top of page
Search

A Necessity for Emergencies

Several years ago I started wearing a medical ID necklace – you know, one of those tags with a caduceus along with contact and medical info. I was in good health, but I just wanted to make sure that info was available to anyone who might encounter me if I were incapacitated from a wreck or other type of emergency.


I’ve become as attached to the necklace as my cell phone. I don’t go anywhere without it. And I’ve become an advocate for everyone, regardless of age or health, wearing such identification. It would surely make things easier on EMTs and others – plus it would likely save lives.


Which makes me wonder why I haven’t yet been proactive in seeing that my five-year-old autistic granddaughter has something similar. Angelina goes to school, plays in parks, takes swim lessons, rides in cars, and does all sorts of normal things that might present an emergency for which that information could be helpful if not life-saving.


Persons with autism often lack danger awareness, are often prone to wandering, and often live with other health issues. Plus, autism is not easily identified for a first responder. Some autistic persons are nonverbal and/or have intellectual disabilities. Even those who are “high functioning” may be overwhelmed by emergency situations and unable to self-advocate. And these days, since schools have to keep up with every student’s allergies, a wristband or bracelet is a great way to always have that information visible.


We autism grandparents are wonderfully positioned to advocate for such identifications for our grandchildren. We likely have more time than do the parents to research the various types of identification. And we can set the example by wearing something ourselves.


Autism Speaks is the first stop for learning about the various options. Go to https://www.autismspeaks.org/safety-products-and-services to see all of their products. There is of course lots of other information on other websites.


I’ve learned that there are many options for irremovable wristbands and bracelets, including a wide variety of colors and designs. I suspect that Angelina would pick something in her favorite color, pink. And they can be customized to match anyone’s interests.

Do you know what ICE means? In Case of Emergency. The ICE telephone number is the most important piece of information for any wristband or bracelet. After that, there should be name, diagnosis, medications, and allergies. Some bracelets offer the option of a QR code: anyone who scans it will link to a site with all of the information. And there are all sorts of GPS tracking devices – albeit they have to be attached or inserted to clothing or backpacks and thus are not irremovable. But it is great to know where your child is if the bus she is riding on doesn’t show up on time.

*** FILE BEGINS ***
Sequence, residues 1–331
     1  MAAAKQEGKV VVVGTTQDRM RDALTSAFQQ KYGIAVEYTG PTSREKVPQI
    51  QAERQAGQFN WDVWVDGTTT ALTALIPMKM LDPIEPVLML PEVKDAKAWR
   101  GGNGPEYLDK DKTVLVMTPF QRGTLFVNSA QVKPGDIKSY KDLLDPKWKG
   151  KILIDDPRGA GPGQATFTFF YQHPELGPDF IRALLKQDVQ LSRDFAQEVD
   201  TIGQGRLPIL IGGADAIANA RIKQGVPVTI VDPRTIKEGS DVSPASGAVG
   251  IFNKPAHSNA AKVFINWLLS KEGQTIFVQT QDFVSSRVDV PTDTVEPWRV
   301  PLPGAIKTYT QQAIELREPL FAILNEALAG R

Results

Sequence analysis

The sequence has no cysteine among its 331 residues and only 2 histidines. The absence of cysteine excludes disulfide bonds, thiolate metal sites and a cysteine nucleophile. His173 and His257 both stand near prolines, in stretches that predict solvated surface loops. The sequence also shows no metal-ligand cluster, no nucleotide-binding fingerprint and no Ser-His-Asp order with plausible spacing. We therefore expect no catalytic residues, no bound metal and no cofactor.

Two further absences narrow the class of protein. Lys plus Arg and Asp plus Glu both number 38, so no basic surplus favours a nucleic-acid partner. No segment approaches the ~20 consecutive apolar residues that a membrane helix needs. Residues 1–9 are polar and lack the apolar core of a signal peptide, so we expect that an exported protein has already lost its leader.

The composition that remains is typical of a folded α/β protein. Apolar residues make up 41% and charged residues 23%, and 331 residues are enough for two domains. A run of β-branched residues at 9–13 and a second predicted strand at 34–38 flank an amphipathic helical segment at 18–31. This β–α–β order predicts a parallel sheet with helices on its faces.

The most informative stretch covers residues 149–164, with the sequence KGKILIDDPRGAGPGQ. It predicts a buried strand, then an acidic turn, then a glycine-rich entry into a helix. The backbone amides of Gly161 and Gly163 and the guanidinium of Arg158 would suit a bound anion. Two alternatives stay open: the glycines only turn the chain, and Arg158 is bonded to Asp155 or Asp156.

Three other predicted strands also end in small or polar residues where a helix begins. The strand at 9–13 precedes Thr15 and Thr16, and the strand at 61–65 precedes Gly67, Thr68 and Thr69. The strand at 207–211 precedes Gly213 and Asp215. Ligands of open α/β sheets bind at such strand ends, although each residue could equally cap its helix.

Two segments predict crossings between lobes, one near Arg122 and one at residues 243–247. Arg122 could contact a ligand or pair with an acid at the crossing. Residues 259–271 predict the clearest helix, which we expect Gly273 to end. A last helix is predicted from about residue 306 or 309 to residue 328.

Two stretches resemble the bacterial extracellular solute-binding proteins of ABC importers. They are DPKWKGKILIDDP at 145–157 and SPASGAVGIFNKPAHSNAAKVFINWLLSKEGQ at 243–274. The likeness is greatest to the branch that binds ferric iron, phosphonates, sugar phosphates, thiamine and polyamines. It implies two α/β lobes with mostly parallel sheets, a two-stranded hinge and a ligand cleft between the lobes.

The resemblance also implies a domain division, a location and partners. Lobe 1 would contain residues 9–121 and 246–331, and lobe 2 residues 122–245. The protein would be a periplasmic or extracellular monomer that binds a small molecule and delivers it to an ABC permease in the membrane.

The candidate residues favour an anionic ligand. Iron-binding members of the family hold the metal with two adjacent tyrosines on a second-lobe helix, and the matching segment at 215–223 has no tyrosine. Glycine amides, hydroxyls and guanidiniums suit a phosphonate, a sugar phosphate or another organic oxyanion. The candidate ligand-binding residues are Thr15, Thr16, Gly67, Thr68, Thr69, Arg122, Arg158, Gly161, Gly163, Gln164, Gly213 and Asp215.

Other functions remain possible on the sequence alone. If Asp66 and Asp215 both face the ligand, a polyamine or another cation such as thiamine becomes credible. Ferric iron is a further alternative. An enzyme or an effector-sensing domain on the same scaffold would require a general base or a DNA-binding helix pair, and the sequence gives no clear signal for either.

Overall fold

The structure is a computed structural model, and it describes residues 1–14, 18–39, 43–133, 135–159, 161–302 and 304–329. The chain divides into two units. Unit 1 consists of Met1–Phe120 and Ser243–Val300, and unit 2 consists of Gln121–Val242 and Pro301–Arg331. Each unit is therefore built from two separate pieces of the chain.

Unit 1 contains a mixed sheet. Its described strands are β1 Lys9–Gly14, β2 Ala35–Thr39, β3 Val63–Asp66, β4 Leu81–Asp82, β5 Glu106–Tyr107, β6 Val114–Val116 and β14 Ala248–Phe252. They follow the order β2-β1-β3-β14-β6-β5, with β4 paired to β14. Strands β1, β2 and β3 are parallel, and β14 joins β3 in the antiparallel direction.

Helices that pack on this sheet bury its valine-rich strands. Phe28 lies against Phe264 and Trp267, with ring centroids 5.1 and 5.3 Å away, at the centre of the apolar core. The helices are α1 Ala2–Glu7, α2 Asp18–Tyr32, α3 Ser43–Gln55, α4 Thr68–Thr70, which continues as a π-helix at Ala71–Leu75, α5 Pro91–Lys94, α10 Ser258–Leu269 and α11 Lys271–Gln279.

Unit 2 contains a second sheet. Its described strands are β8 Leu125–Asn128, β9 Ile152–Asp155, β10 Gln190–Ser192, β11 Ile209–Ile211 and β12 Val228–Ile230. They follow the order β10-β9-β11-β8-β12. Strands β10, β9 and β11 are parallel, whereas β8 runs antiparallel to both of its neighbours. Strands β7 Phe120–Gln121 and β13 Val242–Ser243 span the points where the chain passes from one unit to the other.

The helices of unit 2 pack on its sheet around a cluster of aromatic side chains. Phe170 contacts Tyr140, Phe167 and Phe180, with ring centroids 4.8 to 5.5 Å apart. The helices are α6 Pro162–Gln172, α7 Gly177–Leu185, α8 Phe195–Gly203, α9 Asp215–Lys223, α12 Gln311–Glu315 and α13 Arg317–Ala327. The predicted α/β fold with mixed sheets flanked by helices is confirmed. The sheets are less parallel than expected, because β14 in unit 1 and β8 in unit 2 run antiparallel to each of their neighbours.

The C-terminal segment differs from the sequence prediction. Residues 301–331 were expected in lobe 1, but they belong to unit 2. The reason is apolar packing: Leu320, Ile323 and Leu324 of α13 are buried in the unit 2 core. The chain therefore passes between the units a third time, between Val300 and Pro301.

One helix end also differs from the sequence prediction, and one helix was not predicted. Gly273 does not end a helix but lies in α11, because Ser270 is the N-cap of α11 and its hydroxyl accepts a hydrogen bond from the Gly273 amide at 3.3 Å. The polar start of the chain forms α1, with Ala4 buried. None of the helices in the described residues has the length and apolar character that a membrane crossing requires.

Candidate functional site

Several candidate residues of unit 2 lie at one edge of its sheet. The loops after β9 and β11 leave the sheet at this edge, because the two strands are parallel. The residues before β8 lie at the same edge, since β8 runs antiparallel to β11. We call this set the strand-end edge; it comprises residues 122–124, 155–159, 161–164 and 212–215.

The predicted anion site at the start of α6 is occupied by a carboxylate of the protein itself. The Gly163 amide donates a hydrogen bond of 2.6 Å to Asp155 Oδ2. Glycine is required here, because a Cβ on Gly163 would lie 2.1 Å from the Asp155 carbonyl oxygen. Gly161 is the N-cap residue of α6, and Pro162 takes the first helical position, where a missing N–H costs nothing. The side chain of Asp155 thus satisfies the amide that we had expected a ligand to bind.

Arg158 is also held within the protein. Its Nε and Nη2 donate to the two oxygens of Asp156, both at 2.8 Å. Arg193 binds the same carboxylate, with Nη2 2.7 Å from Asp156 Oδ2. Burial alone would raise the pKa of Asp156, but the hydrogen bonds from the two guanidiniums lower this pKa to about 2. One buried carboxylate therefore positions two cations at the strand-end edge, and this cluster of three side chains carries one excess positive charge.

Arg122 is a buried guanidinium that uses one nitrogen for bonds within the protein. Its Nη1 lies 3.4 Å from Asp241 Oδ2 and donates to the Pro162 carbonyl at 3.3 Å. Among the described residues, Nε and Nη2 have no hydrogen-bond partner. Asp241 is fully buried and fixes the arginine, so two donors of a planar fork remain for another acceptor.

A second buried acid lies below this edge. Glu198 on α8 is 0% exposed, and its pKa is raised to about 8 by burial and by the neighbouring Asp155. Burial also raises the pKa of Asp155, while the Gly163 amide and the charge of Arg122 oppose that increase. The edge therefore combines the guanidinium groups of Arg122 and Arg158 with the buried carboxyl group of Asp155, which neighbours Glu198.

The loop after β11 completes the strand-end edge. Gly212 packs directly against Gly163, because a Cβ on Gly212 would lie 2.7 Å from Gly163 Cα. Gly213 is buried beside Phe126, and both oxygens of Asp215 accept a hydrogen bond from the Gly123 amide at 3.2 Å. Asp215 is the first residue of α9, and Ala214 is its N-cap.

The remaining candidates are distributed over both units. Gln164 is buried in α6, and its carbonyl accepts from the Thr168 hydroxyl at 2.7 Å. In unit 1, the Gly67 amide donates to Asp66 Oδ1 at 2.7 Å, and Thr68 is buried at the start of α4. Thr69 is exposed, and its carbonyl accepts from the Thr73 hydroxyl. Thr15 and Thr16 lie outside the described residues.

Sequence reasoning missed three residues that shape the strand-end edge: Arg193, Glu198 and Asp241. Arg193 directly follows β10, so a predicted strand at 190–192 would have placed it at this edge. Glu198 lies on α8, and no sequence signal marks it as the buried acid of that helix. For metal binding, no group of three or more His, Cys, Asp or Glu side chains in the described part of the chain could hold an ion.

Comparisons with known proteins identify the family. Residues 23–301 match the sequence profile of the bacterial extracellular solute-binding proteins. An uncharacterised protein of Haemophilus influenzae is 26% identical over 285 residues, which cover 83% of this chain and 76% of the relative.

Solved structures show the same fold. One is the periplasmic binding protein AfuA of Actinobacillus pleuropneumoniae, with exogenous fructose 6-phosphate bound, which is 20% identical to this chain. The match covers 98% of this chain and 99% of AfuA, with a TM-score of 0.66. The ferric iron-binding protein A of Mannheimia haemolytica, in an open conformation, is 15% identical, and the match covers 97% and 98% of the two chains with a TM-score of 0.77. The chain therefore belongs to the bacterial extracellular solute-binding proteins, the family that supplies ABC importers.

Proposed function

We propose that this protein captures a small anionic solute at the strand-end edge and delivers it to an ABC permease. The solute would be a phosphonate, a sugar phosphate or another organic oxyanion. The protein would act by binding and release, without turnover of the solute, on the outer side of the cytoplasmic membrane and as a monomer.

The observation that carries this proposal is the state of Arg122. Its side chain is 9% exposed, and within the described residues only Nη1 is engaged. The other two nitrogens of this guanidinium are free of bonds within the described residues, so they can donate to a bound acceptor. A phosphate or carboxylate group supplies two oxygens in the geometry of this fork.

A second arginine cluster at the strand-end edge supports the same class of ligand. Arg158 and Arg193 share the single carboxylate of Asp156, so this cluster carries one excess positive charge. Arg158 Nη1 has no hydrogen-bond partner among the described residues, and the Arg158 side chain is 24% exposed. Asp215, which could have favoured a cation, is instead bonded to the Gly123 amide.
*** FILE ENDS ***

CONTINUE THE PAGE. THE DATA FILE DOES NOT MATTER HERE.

There are also anklets, patches, pins, clips, ID cards, shoe tags, etc. But the most important thing is to use something that won’t (can’t) be removed and that is waterproof, convenient, and comfortable.


If your grandchild doesn’t want to wear an identification device, that’s where we grandparents often have time to patiently – sometimes over days or weeks – make our grandchild enjoy wearing it. We can start by wearing something similar ourselves.


Then we can use the small-step-by-small-step method. “First, simply TOUCH the wristband.” “Wonderful! You did it! I’m so proud of you!” Then, later or perhaps the next day, “Now let’s put it around your wrist while I count to three.” Then more praise. You get the idea. And sometimes a visible timer can help. And of course rewards (special candy, special TV show, etc.) are often helpful.


We can make up stories to help introduce our grandchild to the wristband. For example: “Can you say hello to this little wristband? His name is Willie and he is very lonely and sad. He doesn’t have any friends and nobody will play with him. Would you like to hold him?” And you can go from there . . . Eventually Willie and our grandchild may become inseparable.


Just two rules about getting our grandchildren to wear the identification device. Make it fun and don’t give up.


Finally, is there any downside to wearing such identification? I’ve learned that some persons believe that it can be like placing an unfair “label” on someone. (Like me perhaps being labeled old or sick because I wear a medical necklace.) I prefer to view it as a statement rather than a label. And the statement is the same for my grandchild as it is for me: In case I need help in an emergency, I want to assist the helpers in advance by making it a little easier for them to help me.


Our grandchildren don’t fully understand that all sorts of emergencies are possible each day, and that an identification band can be a lifesaver. As grandparents we can first do the research and then introduce this idea to our grandchildren and their parents. And if you’re like me, you’ll get your own bracelet or necklace first.

0 comments

Comments


bottom of page